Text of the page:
Your family can be as involved in your estate planning as you’d like, depending on how close they are to you and how they figure into the plan. It’s important for those who are named in the documents to be made aware. If you want certain family members or friends to have power of attorney or be successor trustees or executors, discuss those roles with them so they understand what their duties would be. Some people do not feel equipped to deal with these tasks and will decline; it’s better to be aware of this ahead of time so you can find alternate options. You also need to choose alternate options for these roles in case someone predeceases you.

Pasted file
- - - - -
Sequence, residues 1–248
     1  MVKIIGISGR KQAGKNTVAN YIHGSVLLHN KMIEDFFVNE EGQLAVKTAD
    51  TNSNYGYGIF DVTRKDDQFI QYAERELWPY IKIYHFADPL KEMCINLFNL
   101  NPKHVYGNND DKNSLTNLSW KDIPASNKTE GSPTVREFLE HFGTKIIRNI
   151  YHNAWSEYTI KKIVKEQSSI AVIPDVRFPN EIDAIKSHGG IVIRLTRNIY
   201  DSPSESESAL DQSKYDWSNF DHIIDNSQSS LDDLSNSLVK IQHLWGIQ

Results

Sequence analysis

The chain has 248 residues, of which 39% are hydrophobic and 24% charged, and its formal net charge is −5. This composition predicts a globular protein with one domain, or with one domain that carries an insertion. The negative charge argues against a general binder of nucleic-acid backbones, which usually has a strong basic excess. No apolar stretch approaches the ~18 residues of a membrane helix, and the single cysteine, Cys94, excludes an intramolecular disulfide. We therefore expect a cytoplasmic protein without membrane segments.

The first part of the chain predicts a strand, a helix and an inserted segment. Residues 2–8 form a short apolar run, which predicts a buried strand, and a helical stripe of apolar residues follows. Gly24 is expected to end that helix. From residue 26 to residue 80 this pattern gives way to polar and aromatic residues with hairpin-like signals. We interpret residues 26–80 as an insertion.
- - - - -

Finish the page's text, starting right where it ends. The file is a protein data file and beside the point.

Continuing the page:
Equally important is making family members or loved ones aware of the estate plan’s existence. They will need to know where the documents are located, how to access them, and who to contact for help, such as the estate planning attorney who prepared the documents.
In the end, your estate plan is to not only set your own mind at ease but provide a smooth transition for your loved ones after your death. If keeping them in the loop while you make the estate plan will make that transition even easier, involve them.